Subject: I have found a CD that I think you would enjoy
I Am Born to Preach the Gospel
Genres: Country, Blues, Pop, Christian, Gospel
Texas-born singer Washington Phillips did a limited amount of recording between his first sessions in 1927 and his last, which were completed in 1939. What little recording the unique solo gospel performer did can be found... more »
Texas-born singer Washington Phillips did a limited amount of recording between his first sessions in 1927 and his last, which were completed in 1939. What little recording the unique solo gospel performer did can be found on this wondrous 16-track collection. Accompanying himself and singing with gentle resolve, Phillips created serene music that really did feel touched by grace. (Until recently, it was thought that Phillips played a rare autoharplike instrument called a dolceola. But Austin American-Statesman writer Michael Corcoran's research points to a zither as the probable source of the celestial sound on these recordings. Corcoran also found that Phillips didn't die in 1938, as was generally believed, but lived until 1954.) Early in his career, Ry Cooder revived a couple of Phillips's best numbers ("Denomination Blues" and "Tattler"), but the singer is largely a forgotten figure these days. I Am Born to Preach the Gospel makes that seem like an unpardonable sin. --Steven Stolder
Far More than a Novelty Dolceola Act
(5 out of 5 stars)
"A beautiful album in the way that early folk art is beautiful --spare and simplistically powerful. It ranks alongside Blind Willie Johnson's work as the most heartfelt and relevant early gospel/blues recordings on the market. A question that begs to be answered is whether or not the novelty value of the dolceola propels these recordings toward a unwarranted degree of reverence in the gospel/blues genre. I've attempted to transcribe some of these works (the original Phillips works only) for guitar and while they I'm convinced that the dolceola is central to the delivery of the material on this album, the music and the messages translate surprisingly well to other instruments. See Ry Cooder's version of Denomibation Blues"
The sound of simple truth
nadav haber | jerusalem Israel | 12/19/2001
(5 out of 5 stars)
"Washington Phillips sang and played with the utmost skill. His music was simple and his message was clear, no one ever sounded like him, and no one ever will.
This CD is one of relatively few who feature the guitar evangalists, most famous of which is Blind Willie Johnson, and which also include Blind Joe Taggart, Blind Roosevelt Graves, Rev. Gary Davis and others. Those are all exceptional musicians, making the music that expresses the life of the society they were part of.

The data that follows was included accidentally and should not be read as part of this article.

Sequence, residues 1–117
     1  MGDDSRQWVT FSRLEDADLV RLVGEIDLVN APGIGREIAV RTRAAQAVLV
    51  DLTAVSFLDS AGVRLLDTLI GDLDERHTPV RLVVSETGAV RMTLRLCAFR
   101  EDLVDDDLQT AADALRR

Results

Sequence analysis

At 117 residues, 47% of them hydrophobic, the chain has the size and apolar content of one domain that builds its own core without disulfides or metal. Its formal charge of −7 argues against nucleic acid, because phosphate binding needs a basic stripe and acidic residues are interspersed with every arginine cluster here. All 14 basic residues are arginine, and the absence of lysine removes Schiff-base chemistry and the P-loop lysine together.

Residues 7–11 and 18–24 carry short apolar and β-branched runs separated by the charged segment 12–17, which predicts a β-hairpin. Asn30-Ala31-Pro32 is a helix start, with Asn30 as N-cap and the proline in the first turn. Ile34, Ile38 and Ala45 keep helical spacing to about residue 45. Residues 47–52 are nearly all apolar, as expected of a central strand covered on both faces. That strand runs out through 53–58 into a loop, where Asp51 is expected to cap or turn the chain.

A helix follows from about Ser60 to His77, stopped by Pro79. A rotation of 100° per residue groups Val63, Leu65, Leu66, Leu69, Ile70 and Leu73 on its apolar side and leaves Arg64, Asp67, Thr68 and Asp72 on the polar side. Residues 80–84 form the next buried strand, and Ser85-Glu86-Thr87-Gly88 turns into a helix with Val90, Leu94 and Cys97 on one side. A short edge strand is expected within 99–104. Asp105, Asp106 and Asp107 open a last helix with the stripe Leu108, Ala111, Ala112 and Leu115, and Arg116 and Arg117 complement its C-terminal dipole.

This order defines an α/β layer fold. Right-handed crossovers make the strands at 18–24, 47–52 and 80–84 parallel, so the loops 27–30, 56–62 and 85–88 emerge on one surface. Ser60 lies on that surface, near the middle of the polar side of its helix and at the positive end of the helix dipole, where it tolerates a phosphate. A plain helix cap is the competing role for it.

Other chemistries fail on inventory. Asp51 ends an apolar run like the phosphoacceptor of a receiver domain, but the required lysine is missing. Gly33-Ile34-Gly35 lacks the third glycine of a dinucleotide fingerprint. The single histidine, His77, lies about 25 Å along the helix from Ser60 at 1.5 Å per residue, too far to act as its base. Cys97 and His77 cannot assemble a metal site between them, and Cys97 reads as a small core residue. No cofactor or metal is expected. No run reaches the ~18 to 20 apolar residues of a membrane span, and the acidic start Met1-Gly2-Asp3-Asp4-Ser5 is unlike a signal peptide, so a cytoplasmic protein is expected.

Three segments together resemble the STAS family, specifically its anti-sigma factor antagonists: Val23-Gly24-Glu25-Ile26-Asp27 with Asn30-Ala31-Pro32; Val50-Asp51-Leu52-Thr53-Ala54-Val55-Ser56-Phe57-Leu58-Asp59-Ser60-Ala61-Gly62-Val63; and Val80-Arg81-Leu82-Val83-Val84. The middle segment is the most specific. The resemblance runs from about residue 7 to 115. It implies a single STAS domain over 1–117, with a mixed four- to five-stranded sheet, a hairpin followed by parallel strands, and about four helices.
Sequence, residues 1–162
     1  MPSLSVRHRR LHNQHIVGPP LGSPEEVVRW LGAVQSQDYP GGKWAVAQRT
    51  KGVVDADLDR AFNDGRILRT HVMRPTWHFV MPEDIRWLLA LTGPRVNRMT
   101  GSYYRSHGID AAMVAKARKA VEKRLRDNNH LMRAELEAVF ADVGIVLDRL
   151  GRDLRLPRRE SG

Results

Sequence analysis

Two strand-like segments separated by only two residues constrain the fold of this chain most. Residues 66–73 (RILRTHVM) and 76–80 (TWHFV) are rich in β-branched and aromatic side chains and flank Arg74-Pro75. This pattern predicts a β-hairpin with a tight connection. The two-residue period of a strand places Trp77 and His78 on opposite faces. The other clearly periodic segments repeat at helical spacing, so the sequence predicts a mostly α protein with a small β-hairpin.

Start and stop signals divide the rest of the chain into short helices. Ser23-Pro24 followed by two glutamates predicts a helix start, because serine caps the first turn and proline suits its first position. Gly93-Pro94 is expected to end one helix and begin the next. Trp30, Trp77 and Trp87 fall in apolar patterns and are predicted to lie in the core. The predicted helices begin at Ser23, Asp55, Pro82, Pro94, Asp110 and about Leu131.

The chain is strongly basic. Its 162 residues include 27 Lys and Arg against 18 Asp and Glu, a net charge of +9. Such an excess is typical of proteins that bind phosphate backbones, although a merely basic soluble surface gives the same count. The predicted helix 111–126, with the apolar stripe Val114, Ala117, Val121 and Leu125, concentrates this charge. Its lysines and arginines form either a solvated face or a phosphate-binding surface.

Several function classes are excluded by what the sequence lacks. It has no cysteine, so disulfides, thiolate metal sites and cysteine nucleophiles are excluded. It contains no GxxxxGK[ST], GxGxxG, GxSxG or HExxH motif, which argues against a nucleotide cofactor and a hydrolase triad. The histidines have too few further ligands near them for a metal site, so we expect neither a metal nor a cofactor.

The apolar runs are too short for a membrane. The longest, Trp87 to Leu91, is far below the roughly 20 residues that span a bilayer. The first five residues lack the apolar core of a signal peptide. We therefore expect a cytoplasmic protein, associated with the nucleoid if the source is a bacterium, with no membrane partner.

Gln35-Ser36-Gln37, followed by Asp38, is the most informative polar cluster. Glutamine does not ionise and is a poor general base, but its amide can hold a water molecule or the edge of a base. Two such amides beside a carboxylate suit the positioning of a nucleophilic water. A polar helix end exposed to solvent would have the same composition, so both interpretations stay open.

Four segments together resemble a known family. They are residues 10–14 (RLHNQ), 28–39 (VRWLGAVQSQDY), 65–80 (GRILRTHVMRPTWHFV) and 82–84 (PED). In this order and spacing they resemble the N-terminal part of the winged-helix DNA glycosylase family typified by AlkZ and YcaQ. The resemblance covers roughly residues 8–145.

Phillips plays the dolceola, a strange instrument that produces angelic sounds when played by him. This is enough to make him sound original. But the originality is in the man himself, and not in the instrument he uses. Phillips has to be one of the most sincere sounding artists ever recorded. His sincerity was spectacular even for his time, and today it is unheard of. He does not have the emotional raw power that Blind Willie Johnson posessed, but in his mellow way he may be just as effective.
I cannot think of any serious music lover who should not listen and enjoy this music."
WPFan | WPCentral | 03/17/2004
(5 out of 5 stars)
"This man was an amazing performer! His music is pure, raw, powerful, and beautiful, all at once. His lyrics span from heart-wrenching to openly and hilariously judgmental. The one that raises the hair on the back of my neck is "Key to the Kingdom", a dreamstate performance featuring an almost chant-like vocal rendition. His instrument sprinkles single notes, some fat and plunky, some high and sparkling, over the foundation of a grinding, relentless drone. The total generates a half-real atmosphere. But then, there isn't anything weak on the whole CD.Incidentally, it appears that Phillips's instrument was in fact two zithers, joined together to make one big one. This information is from:http://www.angelfire.com/country/fiddlin/clips.html#wpAt this site, the instrument Phillips is pictured holding in the photo on the back cover of the CD is investigated and approximated, successfully in my opinion. The Dolceola is also investigated, and this site offers comparative sound clips of both instruments. (This is a non-commercial public service-type site that offers nothing for sale.)Of course for any of this to mean anything you will need to buy the Phillips CD, which you need to do anyway if you haven't yet. You've never heard anything like it, guaranteed."